Accepted unsigned transactions are pushed to a user’s inbox, which is accessible via the mobile app on the registered device. Once the transaction is signed on the device by one or more humans, as per the wallet policy settings, the transaction is sent for re-signing in the HSM.
TrustVault firmware then re-signs transactions in approximately 350ms. If all policy specified on-device key signatures are present, TrustVault HSM firmware resigns the transaction with the wallet’s on-chain keys and submits it to the network-connected blockchain node.
All TrustVault wallet managed addresses are tracked by blockchain indexers. This means users can be notified whenever they receive any assets into their accounts, as well as when their transaction has been confirmed on-chain. Trustology can perform Know Your Transaction (KYT) checks for AML purposes on both inbound and outbound address transactions.
Since TrustVault generates new keys for each new wallet account and never commingles users’ assets on one public address, users can use all of their favorite blockchain tools natively within the app. For example, use Etherscan to see transactions for their wallet address, CoinTracker for portfolio analysis, Cryptio for tax accounting, and Vauban for NAV reporting. Users can also conveniently view their address balance and past transactions, as well as submit and sign new ones direct from their mobile app, which also hosts the app’s transaction signing inbox.
As Trustology conducts KYC on every user and maps each end-user to their private keys under our custody, we can thus interface with the Chainlink’s oracle using our TrustIdentity API and return true/false to the DApp to allow or reject the transaction. For example, let’s say the DApp needs to make sure that the person associated with the public address is a resident of the UK. Chainlink oracles will pick up the job, call the TrustIdentity API, which will reverse lookup the user associated with the address, check the residency value, and return a result of true if the user is indeed in the UK, or otherwise false.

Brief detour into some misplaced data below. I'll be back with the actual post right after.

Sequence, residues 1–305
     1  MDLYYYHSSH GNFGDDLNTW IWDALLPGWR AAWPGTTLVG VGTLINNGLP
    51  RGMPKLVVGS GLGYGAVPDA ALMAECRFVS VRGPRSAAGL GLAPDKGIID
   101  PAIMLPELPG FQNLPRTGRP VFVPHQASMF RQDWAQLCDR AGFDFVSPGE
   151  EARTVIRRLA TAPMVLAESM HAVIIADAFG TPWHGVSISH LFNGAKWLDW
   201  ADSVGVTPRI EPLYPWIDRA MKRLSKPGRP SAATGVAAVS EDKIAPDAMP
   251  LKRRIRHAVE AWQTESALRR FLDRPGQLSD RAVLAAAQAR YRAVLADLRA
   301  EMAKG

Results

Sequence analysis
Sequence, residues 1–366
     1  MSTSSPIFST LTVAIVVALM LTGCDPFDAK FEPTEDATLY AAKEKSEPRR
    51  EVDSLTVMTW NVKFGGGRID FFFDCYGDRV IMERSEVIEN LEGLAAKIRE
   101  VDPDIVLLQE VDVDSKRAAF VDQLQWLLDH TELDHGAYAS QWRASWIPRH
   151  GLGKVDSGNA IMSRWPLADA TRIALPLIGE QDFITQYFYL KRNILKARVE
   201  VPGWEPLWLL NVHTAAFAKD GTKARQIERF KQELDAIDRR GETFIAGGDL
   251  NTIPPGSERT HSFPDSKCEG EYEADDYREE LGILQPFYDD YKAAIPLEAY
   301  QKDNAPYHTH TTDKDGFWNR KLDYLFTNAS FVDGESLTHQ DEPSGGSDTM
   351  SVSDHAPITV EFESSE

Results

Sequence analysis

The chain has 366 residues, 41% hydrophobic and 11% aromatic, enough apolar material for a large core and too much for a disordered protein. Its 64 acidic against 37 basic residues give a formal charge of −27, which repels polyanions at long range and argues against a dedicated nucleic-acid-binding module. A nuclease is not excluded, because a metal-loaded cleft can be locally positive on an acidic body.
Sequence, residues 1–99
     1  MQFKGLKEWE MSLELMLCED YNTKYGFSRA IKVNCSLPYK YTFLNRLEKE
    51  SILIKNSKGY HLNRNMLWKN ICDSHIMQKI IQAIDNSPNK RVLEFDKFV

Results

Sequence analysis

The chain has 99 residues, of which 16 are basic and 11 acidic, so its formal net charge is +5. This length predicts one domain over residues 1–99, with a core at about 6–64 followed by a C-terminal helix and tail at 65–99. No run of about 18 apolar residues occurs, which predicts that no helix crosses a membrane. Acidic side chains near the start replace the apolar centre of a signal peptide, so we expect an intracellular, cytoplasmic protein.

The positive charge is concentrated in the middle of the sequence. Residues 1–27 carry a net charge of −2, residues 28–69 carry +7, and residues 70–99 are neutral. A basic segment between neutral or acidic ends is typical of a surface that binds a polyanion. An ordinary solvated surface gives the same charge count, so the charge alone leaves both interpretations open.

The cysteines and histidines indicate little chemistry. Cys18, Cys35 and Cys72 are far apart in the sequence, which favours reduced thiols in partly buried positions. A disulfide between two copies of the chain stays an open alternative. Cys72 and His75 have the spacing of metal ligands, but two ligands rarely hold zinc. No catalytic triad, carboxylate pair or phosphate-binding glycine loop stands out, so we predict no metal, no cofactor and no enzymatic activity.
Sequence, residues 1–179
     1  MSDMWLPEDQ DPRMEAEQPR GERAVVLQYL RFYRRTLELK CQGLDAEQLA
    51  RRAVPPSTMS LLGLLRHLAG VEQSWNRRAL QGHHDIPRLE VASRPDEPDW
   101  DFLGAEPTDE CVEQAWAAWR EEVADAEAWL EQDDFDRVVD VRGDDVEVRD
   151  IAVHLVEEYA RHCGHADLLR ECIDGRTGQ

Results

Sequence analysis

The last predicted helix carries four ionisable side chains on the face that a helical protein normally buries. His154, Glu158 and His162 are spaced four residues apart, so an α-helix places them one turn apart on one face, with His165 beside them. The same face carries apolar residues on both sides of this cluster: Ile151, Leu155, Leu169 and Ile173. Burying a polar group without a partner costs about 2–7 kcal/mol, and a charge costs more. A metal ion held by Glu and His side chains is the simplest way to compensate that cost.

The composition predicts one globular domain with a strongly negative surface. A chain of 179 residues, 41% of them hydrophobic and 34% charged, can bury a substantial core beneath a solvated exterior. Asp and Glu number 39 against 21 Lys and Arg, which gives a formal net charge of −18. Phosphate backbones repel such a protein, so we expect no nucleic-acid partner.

Use case scenarios
Would it not be great if you could check ‘just in time’? Instead of pre-populating a whitelist contract, you can use smart oracles the operate in near real-time. Here is how it could work.
The user, let’s call her Alice, navigates to a DApp’s web page and connects her browser wallet, e.g. MetaMask. For this to work, Alice will need to have pre-configured the TrustVault to MetaMask integration, so as to use TrustVault managed accounts.
She creates her transaction on the web page, which prompts MetaMask to sign it. A push notification is sent to the TrustVault app, and once signed by Alice, the transaction is re-signed by TrustVault and sent to the blockchain network. In other words, Alice signs the transaction with her TrustVault keys.
The DApp’s contract now sends a new request to Chainlink’s oracle contract, which is monitored by external smart oracles. An oracle picks up the new job, which includes Alice’s TrustVault wallet address and call-back info to the originating DApp contract.
The oracle then calls TrustVault’s TrustIdentity API, and asks some simple questions, e.g. is this an address that is known to you, and has it been KYC’ed to the required standard, as agreed between the DApp and Trustology.
Assuming the oracle receives a positive confirmation, the oracle calls its contract on-chain, which triggers a callback transaction to the originating DApp contract, and the transaction completes as intended.
Not only does this method of using oracles for off-chain connectivity work, but it reduces upfront costs associated with pre-populated whitelists and allows for continual re-verification of the user. However, there is still the potential for oracles to be hacked, which means it’s very important to have the right custodial controls in place to limit the damage. Hence, leveraging TrustVault enforces whitelists and limits controls to ensure that a hacked oracle is prevented from stealing assets from user accounts.
If you are crypto investor looking to get into DeFi but have hit a roadblock because you need KYC and AML controls and an independent custodian capable of supporting DeFi securely, or a DApp developer looking to offer KYC and AML support to your project, please do reach out to us to discuss in greater detail your needs, and see if we can build a solution to meet them.
Note: chainlinkecosystem.com does not claim any ownership of this content, all credit to Trustology, view official announcement.